3. If the Appeal Panel finds that new evidence is available that was not reasonably available at the time the determination regarding responsibility was made, and such evidence could alter the outcome of the matter, the matter will be remanded (sent back) to the Presiding Hearing Panelist for appropriate further action. 
  4. If the Appeal Panel finds that the University Sexual Misconduct/Title IX Coordinator or their staff, investigator(s), member of the Hearing Panel, or Sanction Officer had a conflict of interest or bias for or against complainants or respondents generally or the individual complainant or respondent that affected the outcome of the matter, the Appeal Panel will take appropriate measures to address and remediate the impact of the bias or conflict.
  5. If the Appeal Panel finds that the sanctions (or recommended sanctions) are not commensurate with the violation, the matter will be remanded to the Sanction Officer for reconsideration.
10. Regarding the first ground (procedural irregularity), what types of situations would apply?

This appeal ground is intended for situations in which there was procedural irregularity that affected the outcome of the matter.  For example, such grounds could include (but are not limited to) an allegation that the parties were not provided with equal access to the case materials or a party was not informed that they could be supported by an adviser of choice.

11. Regarding the second ground (new evidence), what types of information would qualify?

This appeal ground is intended for situations in which evidence was not reasonably available at the time the determination regarding responsibility was made.  This ground is not intended for situations in which a party had access to evidence but chose not to present it at that time.  Moreover, the new evidence must be evidence that, if substantiated, could affect the outcome of the matter.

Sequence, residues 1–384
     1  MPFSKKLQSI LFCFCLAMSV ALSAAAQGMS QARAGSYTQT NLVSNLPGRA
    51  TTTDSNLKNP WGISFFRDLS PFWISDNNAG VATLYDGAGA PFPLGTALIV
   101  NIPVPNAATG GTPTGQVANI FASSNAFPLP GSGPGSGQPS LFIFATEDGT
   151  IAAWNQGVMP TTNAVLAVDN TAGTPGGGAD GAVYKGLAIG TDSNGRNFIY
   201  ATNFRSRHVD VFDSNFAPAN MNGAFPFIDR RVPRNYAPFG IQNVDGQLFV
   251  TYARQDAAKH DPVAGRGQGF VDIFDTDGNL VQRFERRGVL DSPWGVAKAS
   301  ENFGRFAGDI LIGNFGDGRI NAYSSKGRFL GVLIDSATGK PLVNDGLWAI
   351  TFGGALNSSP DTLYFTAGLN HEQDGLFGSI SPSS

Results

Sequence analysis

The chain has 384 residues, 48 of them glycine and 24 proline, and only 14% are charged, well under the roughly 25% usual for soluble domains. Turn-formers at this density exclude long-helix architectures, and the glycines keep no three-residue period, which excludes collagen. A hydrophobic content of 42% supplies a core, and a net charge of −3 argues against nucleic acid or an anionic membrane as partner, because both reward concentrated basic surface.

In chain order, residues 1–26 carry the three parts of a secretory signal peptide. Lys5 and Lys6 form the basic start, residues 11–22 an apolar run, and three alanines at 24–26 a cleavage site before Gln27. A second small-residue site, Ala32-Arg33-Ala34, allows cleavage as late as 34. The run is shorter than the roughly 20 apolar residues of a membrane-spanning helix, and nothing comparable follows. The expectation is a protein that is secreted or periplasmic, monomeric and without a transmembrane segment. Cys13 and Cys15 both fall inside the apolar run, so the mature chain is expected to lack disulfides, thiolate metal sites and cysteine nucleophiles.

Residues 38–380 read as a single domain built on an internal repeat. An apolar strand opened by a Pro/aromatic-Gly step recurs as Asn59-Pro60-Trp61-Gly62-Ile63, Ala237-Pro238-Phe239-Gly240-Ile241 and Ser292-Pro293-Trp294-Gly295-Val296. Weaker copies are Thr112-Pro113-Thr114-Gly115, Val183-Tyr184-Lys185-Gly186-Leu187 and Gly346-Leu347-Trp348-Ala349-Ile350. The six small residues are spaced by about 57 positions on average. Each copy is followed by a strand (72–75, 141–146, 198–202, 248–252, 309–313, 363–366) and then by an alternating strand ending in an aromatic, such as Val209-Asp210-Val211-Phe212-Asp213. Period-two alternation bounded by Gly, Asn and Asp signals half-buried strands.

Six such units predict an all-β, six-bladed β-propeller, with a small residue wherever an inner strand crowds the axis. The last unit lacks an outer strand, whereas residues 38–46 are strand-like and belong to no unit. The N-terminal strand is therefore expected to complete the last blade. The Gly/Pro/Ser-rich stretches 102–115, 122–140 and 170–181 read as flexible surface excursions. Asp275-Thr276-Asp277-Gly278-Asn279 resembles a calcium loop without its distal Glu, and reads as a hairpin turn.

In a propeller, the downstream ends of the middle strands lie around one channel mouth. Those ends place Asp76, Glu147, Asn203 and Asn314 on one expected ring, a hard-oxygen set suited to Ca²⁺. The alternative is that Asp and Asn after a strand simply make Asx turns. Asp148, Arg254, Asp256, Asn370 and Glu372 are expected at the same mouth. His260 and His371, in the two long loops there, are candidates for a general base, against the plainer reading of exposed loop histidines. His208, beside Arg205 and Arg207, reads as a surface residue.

12. Regarding the third ground (conflict of interest or bias), what types of situations would apply?

This appeal ground is intended for situations in which an individual directly involved in investigating, adjudicating, or overseeing the investigation/adjudication had a conflict of interest or bias for or against complainants or respondents generally or the individual complainant or respondent that affected the outcome of the matter.  For example, such grounds could include (but are not limited to) a situation in which one of these individuals had a close personal relationship with one of the parties.  This ground is not intended for situations in which one of these individuals merely knows or has professionally interacted with one of the parties.

13. Regarding the fourth ground (sanction), how can I determine whether the imposed sanction was not commensurate with the violation?

For confidentiality reasons, detailed information regarding past cases cannot be shared.  Although each case is unique, the University’s Information regarding Penalties in Sexual Misconduct Cases and the annual Sexual Discrimination and Sexual Misconduct disciplinary reports provide general information regarding outcomes for prior cases. 

If a party wishes to appeal on this ground, they should notify Ms. Gage that they feel that the imposed sanction was not commensurate with the violation and the Appeal Panel will review past precedents, for which they have detailed records.

14. If a party appeals, will the Appeal Panel re-hear the entire case?

No.  An appeal is limited in scope.  The purpose of an appeal is not to initiate a review of substantive issues of fact or a new determination of whether a violation of University rules has occurred.

The Appeal Panel generally will not meet with the parties and will not consider issues outside of the appeal grounds stated by the appealing party.

15. How long will the appeal process take?

The Appeal Panel will seek to complete the appeal review within twenty (20) business days of receipt of the appealing party’s written statement.

16. How can a party provide feedback regarding the Title IX process?

The Office of Gender Equity and Title IX Administration is committed to handling investigations related to sexual misconduct in a manner that is fair, equitable, and respectful.  Parties who have specific concerns relating to the investigation/adjudication in which they have been involved should raise such concerns through the Appeal process, as described above. 

If you wish to provide general comments or suggestions regarding the process, you may contact University Sexual Misconduct/Title IX Coordinator Michele Minter (mminter@princeton.edu) or University Provost Deborah Prentice (predebb@princeton.edu) in writing.  In addition, individuals may opt to share comments or suggestions regarding the process with the Sexual Harassment/Assault Advising Resources and Education (SHARE) Office, as SHARE staff can assist individuals in advocating for systemic change.

If you feel that you experienced discrimination during a sexual misconduct process, as defined by the Policy on Discrimination and Harassment, you may contact Cheri Burgess, Director of Institutional Equity and EEO (clawson@princeton.edu).